- Blog /
Wicker hampers: The production process
22 June 2012
At Gadsby we have been creating wicker baskets since 1864, and are the leading supplier of wholesale wicker baskets in the UK. In fact, basket making in the Gadsby family goes back until at least the mid-1700s. We often get asked a wide range of questions on the material itself, so we thought it wise to put together a quick blog post to help customers understand the process behind a wicker basket, and the material they are made from.
Because of the handmade nature of a wicker basket, little of the production process has changed over the years. The main difference is that the raw willow will now be harvested by machine rather than by hand, all the weaving and finishing is still done by skilled craftsmen.
How is Wicker/Willow is grown?
The first question that is often asked is the difference between willow and wicker. Essentially, they are the same thing, willow is the raw material that is used to make a willow, or wicker basket!
Willow grows in strands from the ground, it is very fast growing and well suited to growth in many parts of the world. When the willow strands reach a high of around six feet they are ready to be cut. The base of the willow, which grows in clumps of around 30 stems, is left so that the stems can immediately begin to regrow.
The series of images below show different stages of the wicker harvesting process, first growth and cutting, then drying. All of the figures in the images are either former employees, or members of the Gadsby family. Below the images is further information about how the wicker is treated and adapted to create different finishes and effects.
What are the different types and finishes of wicker?
Willow from the UK and Eastern Europe are very similar in colour. Due to the heat, willow grown in the Far-East will generally be lighter in colour as it has grown much faster and the tannin has had less time to develop in the bark. This does not necessarily signify a lower quality material; it is just representative of the area in which it has been produced.
When the willow has been cut it still has a layer of bark on it, and at this stage, once it has been thoroughly dried, it can be woven with the bark still on. This is what we would refer to as unpeeled or rustic wicker. This finish is often used for baskets for use in the garden due to its rustic look, and the additional protection that the bark offers.
The second finish of wicker is white wicker, this finish is achieved by simply stripping the bark and then weaving as desired. White wicker is often used to create a fresh, clean looking product, such as shopping baskets for delis and farm shops. Wicker can also be sprayed or painted to create different colour effects, the most popular of these is a white-wash.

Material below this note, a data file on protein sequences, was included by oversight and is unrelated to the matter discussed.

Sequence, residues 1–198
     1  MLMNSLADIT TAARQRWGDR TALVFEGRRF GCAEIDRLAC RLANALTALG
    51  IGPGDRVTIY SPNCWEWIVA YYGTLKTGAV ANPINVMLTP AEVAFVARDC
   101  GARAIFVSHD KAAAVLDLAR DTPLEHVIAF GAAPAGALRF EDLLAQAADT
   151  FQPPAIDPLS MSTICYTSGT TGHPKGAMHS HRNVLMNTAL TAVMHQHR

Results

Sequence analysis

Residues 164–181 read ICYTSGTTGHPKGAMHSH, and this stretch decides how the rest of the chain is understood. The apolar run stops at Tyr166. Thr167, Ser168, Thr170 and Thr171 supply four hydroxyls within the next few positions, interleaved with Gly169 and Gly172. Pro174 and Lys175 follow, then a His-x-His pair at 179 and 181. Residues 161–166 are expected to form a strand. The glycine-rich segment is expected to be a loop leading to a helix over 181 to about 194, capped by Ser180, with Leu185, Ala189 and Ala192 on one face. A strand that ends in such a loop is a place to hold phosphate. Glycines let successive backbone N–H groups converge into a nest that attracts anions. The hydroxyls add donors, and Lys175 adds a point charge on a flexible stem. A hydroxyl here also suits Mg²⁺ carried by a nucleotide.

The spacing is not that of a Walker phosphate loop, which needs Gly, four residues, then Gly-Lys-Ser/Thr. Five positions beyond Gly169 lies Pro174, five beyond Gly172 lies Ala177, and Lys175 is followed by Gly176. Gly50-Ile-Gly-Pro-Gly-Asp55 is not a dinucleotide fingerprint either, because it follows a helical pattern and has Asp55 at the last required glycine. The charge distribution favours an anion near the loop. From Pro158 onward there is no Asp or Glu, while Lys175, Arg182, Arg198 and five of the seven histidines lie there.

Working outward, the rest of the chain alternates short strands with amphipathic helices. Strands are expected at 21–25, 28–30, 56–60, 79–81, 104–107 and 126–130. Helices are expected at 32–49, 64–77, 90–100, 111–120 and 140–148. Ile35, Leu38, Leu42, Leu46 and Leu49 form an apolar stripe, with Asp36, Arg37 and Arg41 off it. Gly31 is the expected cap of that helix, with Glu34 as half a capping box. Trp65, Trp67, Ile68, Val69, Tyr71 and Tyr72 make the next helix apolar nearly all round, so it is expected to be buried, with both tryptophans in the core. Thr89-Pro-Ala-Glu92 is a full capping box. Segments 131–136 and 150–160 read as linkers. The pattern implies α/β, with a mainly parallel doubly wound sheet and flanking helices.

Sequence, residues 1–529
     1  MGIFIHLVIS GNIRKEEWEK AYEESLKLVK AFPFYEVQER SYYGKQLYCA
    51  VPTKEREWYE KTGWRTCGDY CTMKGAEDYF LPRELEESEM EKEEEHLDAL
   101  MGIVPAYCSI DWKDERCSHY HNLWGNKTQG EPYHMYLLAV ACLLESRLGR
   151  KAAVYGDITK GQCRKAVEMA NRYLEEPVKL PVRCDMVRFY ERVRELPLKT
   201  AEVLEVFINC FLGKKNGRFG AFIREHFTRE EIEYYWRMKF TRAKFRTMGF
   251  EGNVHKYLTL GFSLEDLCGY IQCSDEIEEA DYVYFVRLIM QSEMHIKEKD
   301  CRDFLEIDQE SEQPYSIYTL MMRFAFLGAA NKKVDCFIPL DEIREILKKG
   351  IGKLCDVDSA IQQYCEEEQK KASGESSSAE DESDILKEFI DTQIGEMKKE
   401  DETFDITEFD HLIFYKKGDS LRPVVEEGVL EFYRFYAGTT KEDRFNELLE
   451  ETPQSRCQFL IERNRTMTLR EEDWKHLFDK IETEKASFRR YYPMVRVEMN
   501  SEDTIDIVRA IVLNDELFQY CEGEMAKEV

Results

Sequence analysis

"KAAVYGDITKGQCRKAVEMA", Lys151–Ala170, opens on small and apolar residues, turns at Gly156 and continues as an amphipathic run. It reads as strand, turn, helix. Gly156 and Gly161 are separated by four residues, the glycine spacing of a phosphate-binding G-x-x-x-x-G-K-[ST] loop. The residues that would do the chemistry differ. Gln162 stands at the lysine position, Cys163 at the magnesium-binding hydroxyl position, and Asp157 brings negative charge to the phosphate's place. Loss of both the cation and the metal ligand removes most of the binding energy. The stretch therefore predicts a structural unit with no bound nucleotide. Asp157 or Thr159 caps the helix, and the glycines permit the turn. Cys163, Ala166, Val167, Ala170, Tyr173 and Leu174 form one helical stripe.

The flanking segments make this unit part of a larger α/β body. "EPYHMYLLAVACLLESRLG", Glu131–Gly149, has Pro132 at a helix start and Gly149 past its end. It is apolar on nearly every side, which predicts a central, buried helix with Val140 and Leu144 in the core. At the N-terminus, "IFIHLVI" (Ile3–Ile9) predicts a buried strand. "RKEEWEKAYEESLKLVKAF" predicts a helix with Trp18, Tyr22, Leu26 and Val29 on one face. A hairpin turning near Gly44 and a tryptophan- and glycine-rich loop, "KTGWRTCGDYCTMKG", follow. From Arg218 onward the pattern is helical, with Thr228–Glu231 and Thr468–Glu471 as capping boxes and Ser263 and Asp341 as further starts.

The most popular, and most commonly seen type of wicker, is what is known as buff wicker. This is the traditional, honey or golden colour wicker that is most commonly recognised. The production process for this finish is slightly more complex. The willow is harvested and boiled with the bark on, which causes the dark tannin from within the bark to soak into the white wicker underneath, giving it a rich brown colour. After boiling, the wicker is then dried and can be woven.
Transport and storage
The majority of our wicker products are now produced in either Eastern Europe or the Far-East. All the basketware is transported to the UK by either boat or lorry, and arrives at our warehouse. Stock from the Far-East is fumigated both on departure and arrival to us, to prevent any insects that could potentially eat away at the wicker. It is then put into storage in our warehouse ready to be despatched.
Wicker is an incredibly versatile material, so is ideal for creating unique, bespoke designs as well as standard items. The skills required to create a high-quality wicker basket take years to hone and refine, and at Gadsby we pride ourselves on the high quality of our wholesale wicker baskets, as we have done for almost 150 years.
Rather than simply being an importer of wicker basketware, we still have the knowledge and skills to craft these products ourselves. Our vast experience and understanding of our products and materials allows us to create unrivalled products, and maintain constantly high levels of quality. Equally, our long-standing relationships with our factories abroad allows us to maintain both the highest working standards and the most reliable supply chain in the industry, feeding into our UK base which can house almost 3000 pallets of basketware.
We believe that environmental considerations should be a key part of all our business decisions. Sustainability is a huge influencer on our processes and we constantly challenge ourselves to minimise our ecological impact and carbon footprint. You can find out how we take care to reduce our environmental impact by reading our Environmental Policy.